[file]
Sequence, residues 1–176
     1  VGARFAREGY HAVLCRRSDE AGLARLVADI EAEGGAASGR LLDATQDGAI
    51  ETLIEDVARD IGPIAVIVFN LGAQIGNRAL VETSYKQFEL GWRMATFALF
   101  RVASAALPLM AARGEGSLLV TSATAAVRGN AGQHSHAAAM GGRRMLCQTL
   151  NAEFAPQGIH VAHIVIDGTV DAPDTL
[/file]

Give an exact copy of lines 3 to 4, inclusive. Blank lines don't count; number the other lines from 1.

    51  ETLIEDVARD IGPIAVIVFN LGAQIGNRAL VETSYKQFEL GWRMATFALF
   101  RVASAALPLM AARGEGSLLV TSATAAVRGN AGQHSHAAAM GGRRMLCQTL